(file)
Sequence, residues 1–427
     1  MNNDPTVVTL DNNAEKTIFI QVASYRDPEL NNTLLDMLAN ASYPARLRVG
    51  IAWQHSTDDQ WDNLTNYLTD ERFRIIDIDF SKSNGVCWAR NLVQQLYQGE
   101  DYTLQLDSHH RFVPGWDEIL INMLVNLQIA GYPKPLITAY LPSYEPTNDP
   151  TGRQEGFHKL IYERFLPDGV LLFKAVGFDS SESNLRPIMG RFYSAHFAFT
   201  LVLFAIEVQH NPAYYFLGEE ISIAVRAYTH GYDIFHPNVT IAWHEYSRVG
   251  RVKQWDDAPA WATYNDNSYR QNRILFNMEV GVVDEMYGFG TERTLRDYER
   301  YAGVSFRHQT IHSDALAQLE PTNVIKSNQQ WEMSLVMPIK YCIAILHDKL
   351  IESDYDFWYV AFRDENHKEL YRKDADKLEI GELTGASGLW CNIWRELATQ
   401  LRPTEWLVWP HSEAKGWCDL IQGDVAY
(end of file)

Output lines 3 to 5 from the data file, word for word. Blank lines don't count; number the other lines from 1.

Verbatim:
    51  IAWQHSTDDQ WDNLTNYLTD ERFRIIDIDF SKSNGVCWAR NLVQQLYQGE
   101  DYTLQLDSHH RFVPGWDEIL INMLVNLQIA GYPKPLITAY LPSYEPTNDP
   151  TGRQEGFHKL IYERFLPDGV LLFKAVGFDS SESNLRPIMG RFYSAHFAFT